chapter  6
36 Pages

The love that seeks no other: Further notes . . .

In the context of an examination of post-Heideggerian ontology, in this case the work of Emmanuel Levinas, philosopher Graham Harman describes the problem of communication in the following manner:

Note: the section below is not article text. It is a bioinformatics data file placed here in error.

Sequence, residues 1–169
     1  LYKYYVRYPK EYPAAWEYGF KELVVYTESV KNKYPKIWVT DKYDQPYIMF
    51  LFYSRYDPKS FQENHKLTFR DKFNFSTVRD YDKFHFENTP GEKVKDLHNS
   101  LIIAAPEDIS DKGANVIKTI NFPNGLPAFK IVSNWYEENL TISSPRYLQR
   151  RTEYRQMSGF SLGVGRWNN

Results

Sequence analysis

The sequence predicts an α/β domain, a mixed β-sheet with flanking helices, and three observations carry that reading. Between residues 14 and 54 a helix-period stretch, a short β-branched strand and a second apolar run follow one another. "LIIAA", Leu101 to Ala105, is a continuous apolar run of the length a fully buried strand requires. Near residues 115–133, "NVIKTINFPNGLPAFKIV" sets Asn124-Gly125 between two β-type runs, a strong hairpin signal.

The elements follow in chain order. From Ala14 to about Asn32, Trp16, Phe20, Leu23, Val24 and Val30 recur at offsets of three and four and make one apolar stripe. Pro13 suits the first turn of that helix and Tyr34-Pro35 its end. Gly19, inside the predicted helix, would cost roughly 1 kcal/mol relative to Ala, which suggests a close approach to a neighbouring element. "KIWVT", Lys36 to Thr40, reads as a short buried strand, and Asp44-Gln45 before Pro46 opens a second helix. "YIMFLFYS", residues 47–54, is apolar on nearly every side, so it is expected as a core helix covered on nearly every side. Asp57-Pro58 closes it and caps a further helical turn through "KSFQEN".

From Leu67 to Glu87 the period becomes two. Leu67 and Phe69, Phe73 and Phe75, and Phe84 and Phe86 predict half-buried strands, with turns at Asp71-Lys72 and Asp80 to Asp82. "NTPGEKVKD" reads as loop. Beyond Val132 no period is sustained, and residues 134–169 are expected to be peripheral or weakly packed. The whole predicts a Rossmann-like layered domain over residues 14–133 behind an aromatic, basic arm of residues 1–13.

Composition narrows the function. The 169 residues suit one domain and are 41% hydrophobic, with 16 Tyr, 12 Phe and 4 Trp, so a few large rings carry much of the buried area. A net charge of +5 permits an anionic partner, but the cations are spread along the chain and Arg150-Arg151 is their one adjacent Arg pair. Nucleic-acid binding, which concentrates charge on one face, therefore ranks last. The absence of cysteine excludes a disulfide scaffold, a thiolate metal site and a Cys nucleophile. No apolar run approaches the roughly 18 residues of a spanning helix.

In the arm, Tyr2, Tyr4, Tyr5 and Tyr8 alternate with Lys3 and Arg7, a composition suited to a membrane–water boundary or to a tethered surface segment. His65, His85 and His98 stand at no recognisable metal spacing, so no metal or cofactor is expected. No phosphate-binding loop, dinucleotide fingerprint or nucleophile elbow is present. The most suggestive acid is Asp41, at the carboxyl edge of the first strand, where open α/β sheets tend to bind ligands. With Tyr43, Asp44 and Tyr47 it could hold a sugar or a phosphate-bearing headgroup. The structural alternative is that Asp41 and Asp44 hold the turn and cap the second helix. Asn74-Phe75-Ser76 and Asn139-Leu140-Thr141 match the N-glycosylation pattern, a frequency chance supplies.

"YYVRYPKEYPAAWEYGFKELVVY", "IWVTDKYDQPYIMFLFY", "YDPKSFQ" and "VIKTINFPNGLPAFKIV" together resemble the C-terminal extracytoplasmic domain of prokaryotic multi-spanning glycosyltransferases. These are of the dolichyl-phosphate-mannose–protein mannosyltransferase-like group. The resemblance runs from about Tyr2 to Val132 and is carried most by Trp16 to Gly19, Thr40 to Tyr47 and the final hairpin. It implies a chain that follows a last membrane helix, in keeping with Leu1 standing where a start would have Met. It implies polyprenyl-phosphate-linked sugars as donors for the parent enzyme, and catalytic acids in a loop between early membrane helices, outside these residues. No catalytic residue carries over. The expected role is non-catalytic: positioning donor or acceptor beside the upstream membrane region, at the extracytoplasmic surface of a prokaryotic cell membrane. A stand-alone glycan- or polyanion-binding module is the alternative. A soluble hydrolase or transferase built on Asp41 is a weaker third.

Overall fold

In a world where things are always more than any access can grasp, the question arises as to how we can gain access to them without gaining direct access. This evokes the traditional problem of occasionalist philosophy, to which Levinas is often sympathetic elsewhere (namely, in his theory of time). For occasionalism, no two substances can touch directly, but must interact by means of a third term: God. Despite the undeniable presence of God in Levinas’s philosophy, communication is not the specialty of his deity. Instead, Levinas finds that proximity is the site of my communication with the other. In this respect, proximity is a kind of pre-contact or pre-relation from which all relation must emerge. The problem of communication is clearly visible in Levinas’s own thoughts. Perhaps echoing Leibniz’s monadology, Levinas asks: ‘Can openness have another sense than that of the accessibility of entities through open doors or windows?’ Sincerity, illeity, or proximity are designed to enable communication without doors or windows – communication without full contact. And surprisingly, this communication is always asymmetrical. The things are proximate to me without my being proximate to them.